Boston area tax preparation time may seem a long way from now, but with 2016 rapidly coming to a close it’s never too early to begin thinking about your 2016 taxes. According to the U.S. government, it is estimated that approximately 60% of individual taxpayers use paid tax preparers to fill out, calculate and complete their income tax returns. If you’re included in that 60% it’s probably a good idea to at least be thinking about your plans – it could mean the difference between having a good experience and a bad one.
Some tax preparers choose to meet with you directly to get the information they need, while others will have you fill out a questionnaire. This article will focus on ten steps you can take regarding your Boston area tax preparation and planning with only a few weeks left in the year.
Your Boston area Tax Preparation To-do-List
Select a preparer
If you’re contemplating using an accounting professional to handle your Boston area tax preparation, it’s a good time to start looking for one. One of the best sources for referrals of good tax preparers is to ask friends, business associates, your lawyer or your banker. During the consideration process, make sure the candidate you’re thinking of retaining has a Preparer Tax Identification Number (PTIN) confirming that he or she is qualified. The PTIN is proof that person is authorized to prepare federal income tax returns. The next step in choosing a preparer is to ask questions about the preparation fees. Nobody likes surprises – especially at tax time – so understand what the charges will be ahead of time. Most preparation fees depend on the complexity of your return and the time it takes to complete the various information requirements, but most tax preparers can give you a price range so you’ll know what to expect. A word of advice: Don’t do business with a tax preparer that will charge you a percentage of your refund.
Set up an appointment
Because experienced tax preparers are very busy during the peak “tax season,” its best to schedule an appointment in advance – even if it’s for late January or early February – just to make sure you can get on their appointment calendar. Of course, if you’re expecting a refund, the sooner you can get your information together and meet with your tax preparer, the sooner you can file and receive your refund.
Gather your information
Under normal circumstances by the end of January you will likely receive a number of pieces of information you’ll need to give your tax preparer to complete your returns. Here are some of the most common forms:
• Form W-2 if you were employed
• Form SSA-1099 if you received Social Security benefits
• 1099s to report various additional sources of income (especially if you were an independent contractor)
• Form 1095-A to report information from the federal government marketplace from where you bought your health insurance coverage
• 1098s reporting mortgage interest paid, student loan interest paid, or college tuition payments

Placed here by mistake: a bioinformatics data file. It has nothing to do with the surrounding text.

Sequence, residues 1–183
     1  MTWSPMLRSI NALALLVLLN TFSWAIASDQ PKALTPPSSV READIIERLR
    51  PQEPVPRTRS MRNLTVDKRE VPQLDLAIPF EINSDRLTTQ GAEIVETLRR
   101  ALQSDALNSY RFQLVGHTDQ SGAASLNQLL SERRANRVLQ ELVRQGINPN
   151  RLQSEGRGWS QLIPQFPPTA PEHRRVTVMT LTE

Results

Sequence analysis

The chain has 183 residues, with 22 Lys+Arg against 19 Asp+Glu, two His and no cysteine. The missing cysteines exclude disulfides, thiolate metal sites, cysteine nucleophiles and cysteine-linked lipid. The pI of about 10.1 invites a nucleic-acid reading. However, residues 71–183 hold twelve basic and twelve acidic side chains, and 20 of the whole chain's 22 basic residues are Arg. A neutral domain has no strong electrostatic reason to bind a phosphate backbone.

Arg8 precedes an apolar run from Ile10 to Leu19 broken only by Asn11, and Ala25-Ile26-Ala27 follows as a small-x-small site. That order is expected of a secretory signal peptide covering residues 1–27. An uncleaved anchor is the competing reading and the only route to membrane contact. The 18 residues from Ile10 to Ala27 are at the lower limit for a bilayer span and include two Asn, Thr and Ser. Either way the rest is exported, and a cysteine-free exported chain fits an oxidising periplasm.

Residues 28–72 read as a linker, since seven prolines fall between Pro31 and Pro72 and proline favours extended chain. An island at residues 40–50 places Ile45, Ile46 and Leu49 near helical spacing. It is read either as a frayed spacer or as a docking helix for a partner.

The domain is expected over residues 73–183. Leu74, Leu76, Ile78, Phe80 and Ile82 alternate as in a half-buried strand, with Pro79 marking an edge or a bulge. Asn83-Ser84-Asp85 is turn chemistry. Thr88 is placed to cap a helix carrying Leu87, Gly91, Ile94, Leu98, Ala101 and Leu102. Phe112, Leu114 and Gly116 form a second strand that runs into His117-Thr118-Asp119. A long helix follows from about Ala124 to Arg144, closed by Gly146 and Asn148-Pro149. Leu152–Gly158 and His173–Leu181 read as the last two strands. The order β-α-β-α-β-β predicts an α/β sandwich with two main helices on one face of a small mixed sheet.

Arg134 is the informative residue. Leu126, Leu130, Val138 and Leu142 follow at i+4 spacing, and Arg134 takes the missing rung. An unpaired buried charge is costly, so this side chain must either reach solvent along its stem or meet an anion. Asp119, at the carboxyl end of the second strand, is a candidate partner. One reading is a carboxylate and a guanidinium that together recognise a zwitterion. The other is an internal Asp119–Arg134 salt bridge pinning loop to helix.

• Form W-2Gs to report gambling winnings
• Schedule K-1s to report income or loss from business entities in which you have an ownership interest
Collect your receipts
If you choose to itemize personal deductions rather than claiming a standard deduction, you’ll need a greater degree of verification and proof in the form of receipts. If you’re itemizing, collect the receipts (or cancelled checks) you have for such things as medical costs not covered by or reimbursed by health insurance, property taxes and employment-related expenses.
Assemble your charitable contribution records
If you choose to itemize deductions, you’ll need to have detailed records to legally claim any tax write-off. Charitable contributions of $250 or more require a written confirmation from the charity verifying the contribution and stating that it was a qualifying donation.
Be prepared for tax law changes
Your Boston area tax preparation expert should be able to help you be aware of any new tax rules and regulations so you can avoid any unpleasant surprises. The individual healthcare mandate (the Affordable Healthcare Act) created a myriad of changes, as many will remember. We recommend asking your tax preparer what changes, if any, may affect you this year or you can go online to www.irs.gov.
Provide a list of personal info
Give your tax preparer information such as your Social Security number and those for each dependent you claim on your returns. In addition, list the addresses of real estate you own, including a second home or rental property, if applicable. Your tax preparer may ask for additional information on these properties, as well.
Will you file for an extension?
If you know now that you’ll need additional time to complete your tax returns prior to the April 17th deadline (normally the 15th, but the 15th is on Saturday in 2017 so you’ll have two extra days), alert your tax preparer. More often than not, items like Schedule K-1s can cause taxpayers to file for an automatic 6-month extension.
Decide what to do with you refund
If you’re entitled to a tax refund, there are several options as to the instructions you can give to the IRS (the federal government) to do.
- Have some or all of it applied to your income tax bill on your next return.
- Have them send you a check or use direct deposit into a designated account.
- Contribute some or all of the refund to certain types of accounts for the expressed purpose of purchasing U.S. Savings Bonds through Treasury Direct.
Locate a copy of last year’s tax return
If you choose a new Boston area tax preparation professional you’ve not worked with before, it will be helpful for him or her to have access to information on the previous year’s return. For example, payers of interest and dividends, and information on your favorite charities would be important reminders as they rarely change from one year to the next.
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